If you want to prosper, you have to participate in markets—even bad ones. Your advisor can help you adjust your asset allocation based on prevailing market conditions, but this is a process of careful hedging not of making large and absolute bets. If risks are building, perhaps you increase your cash weighting from 5% to 15%. But you should never take your portfolio to 100% cash or even 50% cash. Why? Because extreme positions are dumb and markets, the vast majority of the time, move higher.
Yet despite the overwhelming evidence that this is the case, there will always be fear mongers trying to convince you that the end of the world is coming. Ignore them. I’ll quote myself (I’m pretentious that way) from a newsletter I wrote a while back:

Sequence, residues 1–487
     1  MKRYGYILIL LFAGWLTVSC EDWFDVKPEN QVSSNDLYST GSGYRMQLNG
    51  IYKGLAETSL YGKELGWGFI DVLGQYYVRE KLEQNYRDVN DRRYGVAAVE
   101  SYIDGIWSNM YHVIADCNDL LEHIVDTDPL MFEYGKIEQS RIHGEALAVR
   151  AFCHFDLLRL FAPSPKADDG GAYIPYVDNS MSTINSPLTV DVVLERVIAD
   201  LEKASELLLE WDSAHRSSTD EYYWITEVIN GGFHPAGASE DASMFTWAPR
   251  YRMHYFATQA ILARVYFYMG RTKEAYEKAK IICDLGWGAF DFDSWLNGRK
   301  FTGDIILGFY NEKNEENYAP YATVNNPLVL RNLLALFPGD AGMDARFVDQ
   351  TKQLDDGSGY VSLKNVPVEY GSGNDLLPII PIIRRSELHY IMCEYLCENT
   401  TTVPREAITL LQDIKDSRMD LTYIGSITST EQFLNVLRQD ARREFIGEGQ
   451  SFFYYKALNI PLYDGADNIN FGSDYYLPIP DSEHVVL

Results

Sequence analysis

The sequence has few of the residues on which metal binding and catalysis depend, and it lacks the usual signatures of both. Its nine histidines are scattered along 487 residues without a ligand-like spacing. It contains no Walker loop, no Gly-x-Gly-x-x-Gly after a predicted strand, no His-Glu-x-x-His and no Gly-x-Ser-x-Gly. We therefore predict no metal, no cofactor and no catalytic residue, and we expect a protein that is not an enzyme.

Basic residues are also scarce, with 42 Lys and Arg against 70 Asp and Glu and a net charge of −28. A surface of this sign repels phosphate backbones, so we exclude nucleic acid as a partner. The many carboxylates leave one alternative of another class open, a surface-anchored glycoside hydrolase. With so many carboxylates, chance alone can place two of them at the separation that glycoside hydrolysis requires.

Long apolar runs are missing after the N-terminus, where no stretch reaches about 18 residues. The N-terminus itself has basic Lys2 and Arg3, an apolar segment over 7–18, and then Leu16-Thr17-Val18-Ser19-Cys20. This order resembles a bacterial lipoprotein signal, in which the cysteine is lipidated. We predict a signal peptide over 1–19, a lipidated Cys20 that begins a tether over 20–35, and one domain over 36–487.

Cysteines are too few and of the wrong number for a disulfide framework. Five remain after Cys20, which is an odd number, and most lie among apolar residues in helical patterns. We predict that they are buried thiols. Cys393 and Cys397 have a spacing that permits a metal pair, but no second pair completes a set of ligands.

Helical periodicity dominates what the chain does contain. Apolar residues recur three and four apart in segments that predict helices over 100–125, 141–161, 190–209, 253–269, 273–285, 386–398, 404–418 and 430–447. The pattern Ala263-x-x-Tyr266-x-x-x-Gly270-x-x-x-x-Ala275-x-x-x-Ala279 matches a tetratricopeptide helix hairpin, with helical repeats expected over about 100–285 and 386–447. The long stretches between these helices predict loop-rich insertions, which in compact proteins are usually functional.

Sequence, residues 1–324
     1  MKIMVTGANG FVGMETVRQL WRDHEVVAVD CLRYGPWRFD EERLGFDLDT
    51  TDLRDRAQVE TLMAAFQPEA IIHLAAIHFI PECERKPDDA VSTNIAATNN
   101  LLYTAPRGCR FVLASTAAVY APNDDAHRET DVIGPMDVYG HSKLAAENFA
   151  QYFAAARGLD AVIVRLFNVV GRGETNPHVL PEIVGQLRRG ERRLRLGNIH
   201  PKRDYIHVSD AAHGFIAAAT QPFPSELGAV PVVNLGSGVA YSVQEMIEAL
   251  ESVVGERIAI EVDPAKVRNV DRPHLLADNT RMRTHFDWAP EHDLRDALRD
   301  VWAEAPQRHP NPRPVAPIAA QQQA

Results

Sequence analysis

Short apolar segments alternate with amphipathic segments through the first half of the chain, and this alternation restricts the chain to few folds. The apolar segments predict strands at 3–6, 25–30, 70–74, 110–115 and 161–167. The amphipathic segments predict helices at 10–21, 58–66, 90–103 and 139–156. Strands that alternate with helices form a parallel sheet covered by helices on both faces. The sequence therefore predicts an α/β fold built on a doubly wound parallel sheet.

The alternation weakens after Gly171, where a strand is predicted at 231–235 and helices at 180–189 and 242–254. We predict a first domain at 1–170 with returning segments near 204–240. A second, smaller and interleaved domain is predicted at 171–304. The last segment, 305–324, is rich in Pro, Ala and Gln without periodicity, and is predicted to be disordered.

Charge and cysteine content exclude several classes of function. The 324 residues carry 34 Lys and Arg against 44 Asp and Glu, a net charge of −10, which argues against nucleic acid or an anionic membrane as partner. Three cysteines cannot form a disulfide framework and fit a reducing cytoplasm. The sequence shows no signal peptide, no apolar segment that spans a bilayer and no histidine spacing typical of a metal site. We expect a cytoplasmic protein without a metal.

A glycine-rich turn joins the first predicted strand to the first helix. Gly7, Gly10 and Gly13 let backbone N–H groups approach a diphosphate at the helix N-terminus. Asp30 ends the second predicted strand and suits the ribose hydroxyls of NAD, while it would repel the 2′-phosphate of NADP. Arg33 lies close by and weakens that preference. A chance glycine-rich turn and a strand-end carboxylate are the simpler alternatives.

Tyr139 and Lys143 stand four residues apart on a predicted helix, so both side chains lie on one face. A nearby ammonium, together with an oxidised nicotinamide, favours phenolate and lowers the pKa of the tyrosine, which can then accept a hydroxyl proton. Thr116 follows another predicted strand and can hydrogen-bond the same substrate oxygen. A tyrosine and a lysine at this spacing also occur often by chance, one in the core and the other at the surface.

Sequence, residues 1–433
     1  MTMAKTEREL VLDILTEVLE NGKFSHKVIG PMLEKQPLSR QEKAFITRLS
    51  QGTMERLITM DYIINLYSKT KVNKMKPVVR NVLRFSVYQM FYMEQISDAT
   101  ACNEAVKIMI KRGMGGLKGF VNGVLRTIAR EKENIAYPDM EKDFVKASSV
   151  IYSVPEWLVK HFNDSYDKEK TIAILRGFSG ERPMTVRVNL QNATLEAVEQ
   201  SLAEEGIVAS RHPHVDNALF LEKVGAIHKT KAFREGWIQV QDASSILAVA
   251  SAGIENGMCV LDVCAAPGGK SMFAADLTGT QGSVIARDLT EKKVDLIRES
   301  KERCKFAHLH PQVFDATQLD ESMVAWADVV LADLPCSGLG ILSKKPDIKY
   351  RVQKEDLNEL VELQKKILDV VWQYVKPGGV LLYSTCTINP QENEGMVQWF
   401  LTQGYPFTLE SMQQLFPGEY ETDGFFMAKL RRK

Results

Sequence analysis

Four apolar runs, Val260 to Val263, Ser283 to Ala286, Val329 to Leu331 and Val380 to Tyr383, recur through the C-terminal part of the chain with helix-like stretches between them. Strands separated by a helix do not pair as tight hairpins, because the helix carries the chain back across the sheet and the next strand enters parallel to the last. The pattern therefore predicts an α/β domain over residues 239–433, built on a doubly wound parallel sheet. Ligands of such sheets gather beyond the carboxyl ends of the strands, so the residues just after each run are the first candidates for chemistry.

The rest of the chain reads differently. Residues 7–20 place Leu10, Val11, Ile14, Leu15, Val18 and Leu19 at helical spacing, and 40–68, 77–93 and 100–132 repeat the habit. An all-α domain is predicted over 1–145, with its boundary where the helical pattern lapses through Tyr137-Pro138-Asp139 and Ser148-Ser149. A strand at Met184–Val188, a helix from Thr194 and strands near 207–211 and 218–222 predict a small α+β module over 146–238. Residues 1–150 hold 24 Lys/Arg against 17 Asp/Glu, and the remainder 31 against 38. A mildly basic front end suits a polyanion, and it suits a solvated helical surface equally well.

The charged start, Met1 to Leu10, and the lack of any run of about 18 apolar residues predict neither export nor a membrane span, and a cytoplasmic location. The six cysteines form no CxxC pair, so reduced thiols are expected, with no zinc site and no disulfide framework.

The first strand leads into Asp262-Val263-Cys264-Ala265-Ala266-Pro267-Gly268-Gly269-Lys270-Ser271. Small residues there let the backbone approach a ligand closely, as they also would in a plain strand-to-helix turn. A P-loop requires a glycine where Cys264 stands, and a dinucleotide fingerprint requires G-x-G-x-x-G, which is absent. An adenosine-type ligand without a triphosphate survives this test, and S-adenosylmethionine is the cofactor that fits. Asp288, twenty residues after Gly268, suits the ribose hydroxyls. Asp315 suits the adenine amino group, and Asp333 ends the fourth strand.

“Focus on the basic probabilities. The S&P 500 has data going back decades over countless economic cycles. Without over-complicating the matter, look simply at full, calendar-year returns. How often does the market trade higher? Over the past 75 years, more than 73% of the time. In other words, the odds are clearly in your favour that during any given year, you’re likely to make money.
“If your holding period is longer—10 years for example—the odds of a positive return are even more stacked in your favour. The S&P 500 virtually never records an annualized loss over a rolling 10-year holding period. Historically, the odds of the S&P 500 recording an annualized positive gain over 10 years are 90%. (Create a balanced portfolio with some bonds and fixed income exposure to offset the negative equity periods and your odds of recording a positive annual gain increase even more.)”
I also found this recent chart interesting. It juxtaposes the quotes of some fear-peddling ‘experts’ versus what the market itself actually did. The lesson? Fear might sell, but its accuracy sucks.